[image-62]As a young girl watching the Apollo launches streak across her backyard sky in Key West, Fla, Yvonne Pendleton remembers telling her father, “Someday I’m going to work for NASA and study the stars.”
Her aspirations were prophetic. After more than a 30-year career with the space agency, Pendleton now directs NASA’s Lunar Science Institute (NLSI), an organization without walls where science teams across the country work together virtually. The NLSI Central staff she leads at NASA Ames Research Center is located in the Blumberg Center for Science Innovation, the first building ever built on Moffett Field. Recently named after Nobel Laureate and NLSI Distinguished Scientist, Baruch S. Blumberg, the renovated historic building symbolizes the merger of high tech communication tools with the fundamentals of basic research as more than 200 researchers across the world communicate through NLSI Central on a regular basis.
"It is so rewarding to see science progress as a result of bringing research teams together," said Pendleton of her role as NLSI director.
She started her career at Ames in 1979 with a bachelor’s degree in Aerospace Engineering and a dream of studying the stars. In the Space Science Division, she discovered and fell in love with infrared astronomy.
She earned a master’s degree at Stanford, and her Ph.D. in Astrophysics from the University of California, Santa Cruz, both through NASA fellowships, while working at Ames Research Center. Pendleton spent the next two decades studying the evolution and composition of organic material found in the interstellar medium in an effort to understand the role it plays in the origin of life. Her research has taken her to telescopes around the world and onboard the Kuiper Airborne Observatory. Asteroid 7165Pendleton is named in honor of her many research contributions, and she has published more than 80 papers in peer-reviewed journals. She is still an active scientist, although these days she credits her post-doctoral fellows with conducting most of the current research.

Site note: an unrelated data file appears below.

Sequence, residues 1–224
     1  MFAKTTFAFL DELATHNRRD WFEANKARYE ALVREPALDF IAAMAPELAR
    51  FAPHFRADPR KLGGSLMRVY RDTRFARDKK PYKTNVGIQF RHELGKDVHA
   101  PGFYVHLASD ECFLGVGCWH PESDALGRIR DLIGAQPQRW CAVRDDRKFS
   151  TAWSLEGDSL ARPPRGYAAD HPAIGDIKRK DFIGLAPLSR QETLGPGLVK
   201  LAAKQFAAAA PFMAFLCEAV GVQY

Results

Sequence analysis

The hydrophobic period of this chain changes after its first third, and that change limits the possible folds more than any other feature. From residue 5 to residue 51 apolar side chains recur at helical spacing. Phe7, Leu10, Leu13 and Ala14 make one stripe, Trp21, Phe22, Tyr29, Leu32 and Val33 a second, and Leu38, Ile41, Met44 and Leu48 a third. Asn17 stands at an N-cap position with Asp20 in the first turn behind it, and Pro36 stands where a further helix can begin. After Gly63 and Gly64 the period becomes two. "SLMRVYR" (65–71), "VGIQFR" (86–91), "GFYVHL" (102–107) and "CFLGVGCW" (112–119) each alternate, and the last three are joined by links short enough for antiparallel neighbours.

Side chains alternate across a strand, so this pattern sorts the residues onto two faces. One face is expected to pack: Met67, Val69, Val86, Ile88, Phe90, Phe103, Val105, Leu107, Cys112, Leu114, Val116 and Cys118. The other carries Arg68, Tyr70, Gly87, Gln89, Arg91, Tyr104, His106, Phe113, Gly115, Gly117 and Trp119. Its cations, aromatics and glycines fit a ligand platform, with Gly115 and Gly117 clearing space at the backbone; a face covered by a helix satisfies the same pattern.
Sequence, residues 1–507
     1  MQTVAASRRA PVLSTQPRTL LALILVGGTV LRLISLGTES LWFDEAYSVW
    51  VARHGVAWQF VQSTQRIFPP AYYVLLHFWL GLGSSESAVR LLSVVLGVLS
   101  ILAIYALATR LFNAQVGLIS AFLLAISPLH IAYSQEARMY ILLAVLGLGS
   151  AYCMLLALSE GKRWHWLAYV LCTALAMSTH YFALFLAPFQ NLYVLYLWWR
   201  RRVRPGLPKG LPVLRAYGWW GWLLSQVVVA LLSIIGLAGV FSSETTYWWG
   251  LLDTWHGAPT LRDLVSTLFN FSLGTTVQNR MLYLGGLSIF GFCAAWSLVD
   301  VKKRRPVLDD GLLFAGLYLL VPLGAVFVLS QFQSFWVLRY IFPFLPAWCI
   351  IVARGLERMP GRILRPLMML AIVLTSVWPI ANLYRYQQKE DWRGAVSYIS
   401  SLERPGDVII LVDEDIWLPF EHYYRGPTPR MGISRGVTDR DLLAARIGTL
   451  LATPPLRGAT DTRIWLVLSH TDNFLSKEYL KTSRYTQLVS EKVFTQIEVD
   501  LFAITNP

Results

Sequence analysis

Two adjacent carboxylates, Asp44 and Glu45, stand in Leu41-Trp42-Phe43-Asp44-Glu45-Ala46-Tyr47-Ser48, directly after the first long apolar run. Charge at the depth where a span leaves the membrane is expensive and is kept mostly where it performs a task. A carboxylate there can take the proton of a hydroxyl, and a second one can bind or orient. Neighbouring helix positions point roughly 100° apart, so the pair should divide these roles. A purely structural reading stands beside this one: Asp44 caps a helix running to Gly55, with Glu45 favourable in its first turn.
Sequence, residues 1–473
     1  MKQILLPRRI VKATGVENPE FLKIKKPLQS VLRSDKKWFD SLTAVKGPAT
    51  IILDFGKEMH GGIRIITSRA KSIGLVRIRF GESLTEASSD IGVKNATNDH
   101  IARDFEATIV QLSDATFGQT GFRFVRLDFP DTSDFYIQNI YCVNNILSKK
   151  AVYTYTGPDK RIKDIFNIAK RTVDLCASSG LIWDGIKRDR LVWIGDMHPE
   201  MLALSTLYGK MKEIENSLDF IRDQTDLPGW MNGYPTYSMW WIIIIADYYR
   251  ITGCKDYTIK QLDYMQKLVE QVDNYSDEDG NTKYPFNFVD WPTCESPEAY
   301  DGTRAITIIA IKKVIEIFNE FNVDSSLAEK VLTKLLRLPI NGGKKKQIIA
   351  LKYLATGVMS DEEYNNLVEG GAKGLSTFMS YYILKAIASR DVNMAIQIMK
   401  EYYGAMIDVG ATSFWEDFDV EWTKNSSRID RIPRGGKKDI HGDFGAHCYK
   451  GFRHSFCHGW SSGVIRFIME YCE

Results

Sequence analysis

Pendleton’s advice today to aspiring astrophysicists? “Don’t let anyone talk you out of your passion.” She recalls when she was an undergraduate student at the Georgia Institute of Technology, people tried to talk her out of a career in aerospace because of high unemployment in the industry at that time. She’s thankful that she didn’t listen to detractors, because when she graduated, aerospace companies had resumed hiring. She was especially glad to see NASA centers at the Georgia Tech placement office, and that was how a ten-year-old’s dream came true. Jack Boyd, NASA Ames historian and ombudsman, made her an offer she would not refuse, and NASA Ames became her new home.
In 2005, she was promoted to chief of the Space Science and Astrobiology Division at Ames, where she led a scientific and technical staff of 160 people and found she could serve as an advocate for scientists and space science. The role gave her an opportunity to balance her fundamental understanding of space science with the numerous constraints managers often face, and she soon became a liaison between management and the scientists.
Two years later, Alan Stern, former associate administrator of NASA’s Science Mission Directorate, asked her to join his team at NASA headquarters. Pendleton served as a senior advisor for research and analysis programs for the directorate, which allowed her to understand problems from a senior management perspective. She dedicated herself to improving scientists’ productivity by expediting their funding and reducing unnecessary obstacles in their path. In 2008, she was invited to return to Ames to join the front office staff as the fourth in command under Ames Center Director Pete Worden, and served as the deputy associate center director of Ames until her appointment as director of the NASA Lunar science Institute in July 2010.
Pendleton met her planetary scientist husband of 15 years, Dale Cruikshank, at NASA Ames. “We fell in love in the Kuiper Belt,” she says, referring to Cruikshank’s Kuiper Belt research and hers with the interstellar dust sprinkled amid the Kuiper Belt objects. They formed a "Brady Bunch," of sorts, with his three boys and her two children. All are now grown and out of the house, but they always have a golden retriever at their side to keep the family circle complete until the children come back to visit.
In her spare time, she enjoys reading and writing mystery novels, scuba diving and training golden retrievers. Her most recent project is training a therapy dog to go into hospitals and schools. Yvonne and "Toby the Moon Dog" will bring comfort and joy to children while teaching them a little bit about the moon and NASA along the way.
"I have been given so many opportunities and am so grateful for this wonderful life," she says. "It is an honor and a privilege to give something back."
Ames Research Center